Anti-Racism Resources

In our commitment to advance diversity, equity, and inclusion at the Joe R. & Teresa Lozano Long School of Medicine, we have created a repository of anti-racism resources to compliment current offerings. New online modules along with trainings, workshops, and professional development are being launched to support this effort.

SNMA local chapter WC4BL pledge

Texas Diversity Council “Juneteenth: A Conversation with Dr. George Wright

A Message from the President’s Office

Dear Faculty, Staff, Students and Residents:

At UT Health San Antonio, we pride ourselves in the rich diversity present on our campus. We respect the many cultural backgrounds represented here and consider it an institutional strength.

Fostering inclusion and diversity is foundational to our university mission because it demonstrates a sense of belonging and it ensures everyone is treated with respect, and have agency and voice, no matter one’s race, gender, age, ethnicity, cultural heritage, nationality, religious or political beliefs, sexual orientation, gender identity or socioeconomic, veteran or ability status.

It is in the context of our university’s respect for all people that we view the recent attacks on Asian Americans and Pacific Islanders (AAPI) in our country so jarring. These are not isolated events; close to 4,000 of these incidents targeting Asian Americans and Pacific Islander persons have been reported since the start of the COVID-19 pandemic, and these attacks have increased over the past year.

The occurrence of violence and the frequency of anti-Asian hate speech at a time when we need maximum unity and commitment to the public good and health is troubling and stressful. It is at a moment like this that we should reaffirm our commitment to a safe and supportive work and learning environment for everyone at our campus. Extending empathy, increasing educational awareness and becoming active allies through bystander intervention are some of the many ways we can take genuine, proactive action to help each other and our greater community.

Listed below are several supportive resources available to our campus community should individual assistance be needed. As we navigate these times, we hope our campus community finds inspiriting our university’s unwavering fidelity to inclusion and respect as we reject divisiveness, rancor and violence.

Chiquita A. Collins, Ph.D., M.A.
Associate Vice President of Inclusive Excellence and Health Equity

William L. Henrich, M.D., MACP
President and Professor of Medicine

President Henrich

UT Health San Antonio

Vice Dean Collins

Office for Inclusion & Diversity
Joe R. & Teresa Lozano Long School of Medicine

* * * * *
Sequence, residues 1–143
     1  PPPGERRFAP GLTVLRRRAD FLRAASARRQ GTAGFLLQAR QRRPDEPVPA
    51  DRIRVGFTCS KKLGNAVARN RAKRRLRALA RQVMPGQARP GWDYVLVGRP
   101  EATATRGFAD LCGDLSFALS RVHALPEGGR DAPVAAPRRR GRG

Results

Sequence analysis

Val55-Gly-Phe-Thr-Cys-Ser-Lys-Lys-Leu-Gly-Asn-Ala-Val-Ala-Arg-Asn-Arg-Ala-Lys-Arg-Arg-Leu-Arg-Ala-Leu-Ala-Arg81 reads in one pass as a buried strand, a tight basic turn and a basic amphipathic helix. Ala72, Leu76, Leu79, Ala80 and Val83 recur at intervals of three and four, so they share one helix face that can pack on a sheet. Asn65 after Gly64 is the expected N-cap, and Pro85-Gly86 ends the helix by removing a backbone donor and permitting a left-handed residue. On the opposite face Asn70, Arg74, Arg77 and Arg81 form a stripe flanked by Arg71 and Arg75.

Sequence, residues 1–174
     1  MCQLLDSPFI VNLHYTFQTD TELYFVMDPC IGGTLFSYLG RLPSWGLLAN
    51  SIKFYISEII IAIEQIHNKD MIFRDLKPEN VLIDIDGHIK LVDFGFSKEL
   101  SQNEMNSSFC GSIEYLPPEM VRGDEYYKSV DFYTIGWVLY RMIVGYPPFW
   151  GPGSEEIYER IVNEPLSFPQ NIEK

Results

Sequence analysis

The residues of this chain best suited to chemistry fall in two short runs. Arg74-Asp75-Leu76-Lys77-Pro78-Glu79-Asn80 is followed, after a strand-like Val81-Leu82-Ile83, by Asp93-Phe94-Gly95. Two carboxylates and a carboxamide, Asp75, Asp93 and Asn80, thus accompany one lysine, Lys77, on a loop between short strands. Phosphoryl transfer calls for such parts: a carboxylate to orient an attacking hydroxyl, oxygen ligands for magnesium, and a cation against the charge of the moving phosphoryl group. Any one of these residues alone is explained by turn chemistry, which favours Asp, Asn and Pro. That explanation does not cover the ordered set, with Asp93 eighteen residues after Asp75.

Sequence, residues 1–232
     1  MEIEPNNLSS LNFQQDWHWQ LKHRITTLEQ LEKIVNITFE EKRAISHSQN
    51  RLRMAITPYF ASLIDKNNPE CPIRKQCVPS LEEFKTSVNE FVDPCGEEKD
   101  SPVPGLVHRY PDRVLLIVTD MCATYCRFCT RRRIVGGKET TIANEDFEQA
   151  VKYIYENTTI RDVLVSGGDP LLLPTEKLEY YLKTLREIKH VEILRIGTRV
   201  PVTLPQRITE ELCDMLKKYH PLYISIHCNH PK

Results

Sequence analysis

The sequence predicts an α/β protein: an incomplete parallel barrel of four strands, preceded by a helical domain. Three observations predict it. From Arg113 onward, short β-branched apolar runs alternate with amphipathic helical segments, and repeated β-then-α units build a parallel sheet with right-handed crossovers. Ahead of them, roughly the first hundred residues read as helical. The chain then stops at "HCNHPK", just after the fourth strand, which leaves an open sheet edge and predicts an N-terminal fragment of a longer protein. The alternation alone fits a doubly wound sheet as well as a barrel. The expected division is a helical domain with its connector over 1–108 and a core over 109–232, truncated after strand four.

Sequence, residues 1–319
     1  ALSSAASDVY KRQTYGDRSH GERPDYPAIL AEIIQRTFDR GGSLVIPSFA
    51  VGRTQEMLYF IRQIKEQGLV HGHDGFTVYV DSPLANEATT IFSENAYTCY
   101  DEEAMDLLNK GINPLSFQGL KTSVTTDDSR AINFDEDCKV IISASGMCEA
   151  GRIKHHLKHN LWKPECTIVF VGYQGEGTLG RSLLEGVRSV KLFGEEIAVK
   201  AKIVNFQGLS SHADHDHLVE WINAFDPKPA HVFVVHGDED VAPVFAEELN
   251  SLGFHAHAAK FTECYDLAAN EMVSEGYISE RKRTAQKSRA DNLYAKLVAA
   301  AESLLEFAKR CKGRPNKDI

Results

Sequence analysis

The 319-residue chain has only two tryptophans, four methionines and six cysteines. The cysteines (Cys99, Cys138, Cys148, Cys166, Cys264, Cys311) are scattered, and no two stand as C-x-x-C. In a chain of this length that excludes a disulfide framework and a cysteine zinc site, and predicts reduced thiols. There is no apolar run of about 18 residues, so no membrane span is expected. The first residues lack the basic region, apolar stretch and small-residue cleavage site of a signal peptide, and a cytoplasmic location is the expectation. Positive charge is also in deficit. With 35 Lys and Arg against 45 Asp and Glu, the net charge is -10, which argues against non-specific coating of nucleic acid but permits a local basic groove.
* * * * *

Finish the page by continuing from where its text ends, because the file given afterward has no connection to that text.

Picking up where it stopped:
Dean Hromas

Joe R. & Teresa Lozano Long School of Medicine

Helpful Resources on Anti-Racism

Resources on Anti-Asian Sentiment

 

Films
  • Fruitvale Station
  • I Am Not Your Negro
  • 13th (Ava DuVernay)
    Netflix
  • American Son (Kenny Leon)
    Netflix
  • Blindspotting (Carlos López Estrada)
    Hulu with Cinemax or available to rent
  • Clemency (Chinonye Chukwu)
    Available to rent
  • Dear White People (Justin Simien)
    Netflix
  • Fruitvale Station (Ryan Coogler)
    Available to rent
  • I Am Not Your Negro (James Baldwin doc)
    Available to rent
  • If Beale Street Could Talk (Barry Jenkins)
    Hulu
  • Just Mercy (Destin Daniel Cretton)
    Available to rent
  • King in the Wilderness
    HBO
  • See You Yesterday (Stefon Bristol)
    Netflix
  • Selma (Ava DuVernay)
    Available to rent
  • The Hate U Give (George Tillman Jr.)
    Available to rent
  • When They See Us (Ava DuVernay)
    Netflix

Featured Videos

 

“Why does the killing of unarmed blacks continue to happen?” asks political scientist Megan Ming Francis, M.A., PhD, Associate Professor, Department of Political Science, University of Washington. She makes an urgent case for a new approach to these tragic deaths, explaining that we need to look at the deeper causes of systemic racism rather than settle for easy fixes.| WATCH VIDEO

What is a healthy racial identity for a White person, and how do we help our White children develop one? Dr. Jennifer Harvey, Professor of Religion at Drake University discusses her book, Raising White Kids: Bringing Up Children in a Racially Unjust America, as well her personal journey towards anti-racist organizing, educating, and child rearing. | LISTEN

Social justice advocate and law scholar Dorothy Roberts, JD has a precise and powerful message: Race-based medicine is bad medicine. Even today, many doctors still use race as a medical shortcut; they make important decisions about things like pain tolerance based on a patient’s skin color instead of medical observation and measurement. In this searing talk, Roberts lays out the lingering traces of race-based medicine — and invites us to be a part of ending it. “It is more urgent than ever to finally abandon this backward legacy,” she says, “and to affirm our common humanity by ending the social inequalities that truly divide us.” | WATCH VIDEO

Why does race matter so profoundly for health? David R. Williams, PhD, MPH, Florence Sprague Norman and Laura Smart Norman Professor of Public Health and Chair of the Department of Social and Behavioral University, developed a scale to measure the impact of discrimination on well-being, going beyond traditional measures like income and education to reveal how factors like implicit bias, residential segregation and negative stereotypes create and sustain inequality. In this eye-opening talk, Williams presents evidence for how racism is producing a rigged system — and offers hopeful examples of programs across the US that are working to dismantle discrimination. | WATCH VIDEO